Our Malagasy colleagues, who have been diving here for decades, admitted this was the first time even they had seen these species. Few divers and even marine biologists venture out into these less "pretty" underwater environments, but clearly those that do are rewarded with unique wildlife only observable off the beaten path.

Monday, May 19, 2008

Blog #2: Six-Foot Sea Cucumbers

I am taking a rare and short break from intensive ocean biodiversity sampling to write this entry. My base of operation is the National Oceanographic Research Center in Nosy Be, an island off the northwest coast of Madagascar. I am here with a team of marine scientists--Dutch, French, American, and Malagasy--who are engaged in an underwater assessment of coastal marine life in this part of the world. The project (BIOTAS) has the goal of characterizing the region's biodiversity (land and sea), and examining the natural processes that have led to the geographic distribution patterns among multiple groups of organisms in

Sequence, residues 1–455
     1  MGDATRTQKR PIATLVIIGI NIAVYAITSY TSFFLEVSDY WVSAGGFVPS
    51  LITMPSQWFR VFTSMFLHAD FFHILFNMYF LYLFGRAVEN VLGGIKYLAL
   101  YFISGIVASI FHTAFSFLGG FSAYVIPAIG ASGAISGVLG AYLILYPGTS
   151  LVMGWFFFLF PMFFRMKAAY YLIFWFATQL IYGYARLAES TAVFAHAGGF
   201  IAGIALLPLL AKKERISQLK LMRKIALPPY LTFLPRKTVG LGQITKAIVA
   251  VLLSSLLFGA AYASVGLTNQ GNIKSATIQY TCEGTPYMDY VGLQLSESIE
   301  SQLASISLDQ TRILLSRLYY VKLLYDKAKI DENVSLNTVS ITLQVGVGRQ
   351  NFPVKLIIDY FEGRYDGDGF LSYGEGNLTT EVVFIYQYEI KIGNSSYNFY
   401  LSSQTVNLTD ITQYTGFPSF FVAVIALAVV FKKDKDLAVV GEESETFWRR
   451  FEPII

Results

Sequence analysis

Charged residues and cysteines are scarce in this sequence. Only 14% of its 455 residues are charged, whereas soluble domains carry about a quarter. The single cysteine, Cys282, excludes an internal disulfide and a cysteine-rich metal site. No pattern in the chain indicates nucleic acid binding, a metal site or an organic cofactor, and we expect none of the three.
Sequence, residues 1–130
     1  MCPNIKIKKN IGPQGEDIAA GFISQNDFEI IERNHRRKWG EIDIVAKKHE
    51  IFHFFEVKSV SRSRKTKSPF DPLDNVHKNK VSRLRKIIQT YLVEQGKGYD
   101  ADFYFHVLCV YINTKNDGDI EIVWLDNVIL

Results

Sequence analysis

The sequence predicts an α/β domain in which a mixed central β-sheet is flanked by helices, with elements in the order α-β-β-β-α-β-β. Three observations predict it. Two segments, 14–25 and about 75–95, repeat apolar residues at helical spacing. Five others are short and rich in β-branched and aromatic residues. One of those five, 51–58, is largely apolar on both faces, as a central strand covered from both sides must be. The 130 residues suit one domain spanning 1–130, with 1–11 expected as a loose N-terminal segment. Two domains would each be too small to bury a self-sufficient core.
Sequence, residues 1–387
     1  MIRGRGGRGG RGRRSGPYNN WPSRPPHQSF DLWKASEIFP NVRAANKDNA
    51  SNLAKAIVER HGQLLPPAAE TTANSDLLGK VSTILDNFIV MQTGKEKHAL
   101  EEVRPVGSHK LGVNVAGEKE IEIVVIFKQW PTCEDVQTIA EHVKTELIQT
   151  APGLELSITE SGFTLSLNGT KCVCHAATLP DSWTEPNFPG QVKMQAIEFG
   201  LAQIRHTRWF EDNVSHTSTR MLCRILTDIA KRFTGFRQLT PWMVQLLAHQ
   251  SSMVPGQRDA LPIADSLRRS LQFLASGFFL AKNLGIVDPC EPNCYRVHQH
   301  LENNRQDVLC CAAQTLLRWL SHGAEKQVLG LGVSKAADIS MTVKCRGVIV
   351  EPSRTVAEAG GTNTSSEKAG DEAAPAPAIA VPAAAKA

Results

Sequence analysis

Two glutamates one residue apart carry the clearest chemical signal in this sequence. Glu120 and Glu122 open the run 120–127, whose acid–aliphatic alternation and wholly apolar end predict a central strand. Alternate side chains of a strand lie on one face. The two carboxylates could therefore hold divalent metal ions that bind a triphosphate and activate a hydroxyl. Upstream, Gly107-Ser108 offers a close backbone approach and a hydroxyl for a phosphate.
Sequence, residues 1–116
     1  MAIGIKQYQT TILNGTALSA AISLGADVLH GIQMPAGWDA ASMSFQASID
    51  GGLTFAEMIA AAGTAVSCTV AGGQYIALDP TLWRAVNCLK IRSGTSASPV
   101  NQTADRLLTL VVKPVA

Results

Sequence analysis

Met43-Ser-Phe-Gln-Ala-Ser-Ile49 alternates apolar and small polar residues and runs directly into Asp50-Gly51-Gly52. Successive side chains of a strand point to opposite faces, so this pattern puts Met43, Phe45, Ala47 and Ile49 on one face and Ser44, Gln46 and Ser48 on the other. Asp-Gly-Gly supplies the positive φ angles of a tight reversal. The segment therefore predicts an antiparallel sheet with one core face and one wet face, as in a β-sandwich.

the southwest Indian Ocean.

The above photo shows the center's lab space as you approach from the water. Inside this building is where our group works well into the night processing all the material collected during dives.

Among the researchers here are experts in fishes and invertebrates. I am part of the invertebrate team, and am studying the sea cucumber fauna together with Dr. Gustav Paulay and Francois Michonneau of the Florida Museum of Natural History. Sea cucumbers are echinoderms, a group of animals that includes starfish, sea urchins, brittle stars, and feather stars. There are "sea cukes" that indeed have the dimensions of a cucumber you might slice into a salad, though body length among this group of animals ranges from a few millimeters to over 9 feet, and some can weigh over 10 pounds. They are found from shallow shores to abyssal seas, and are probably the least well studied of all large and conspicuous marine animals. Roughly 1600 species are described, though many more remain to be discovered.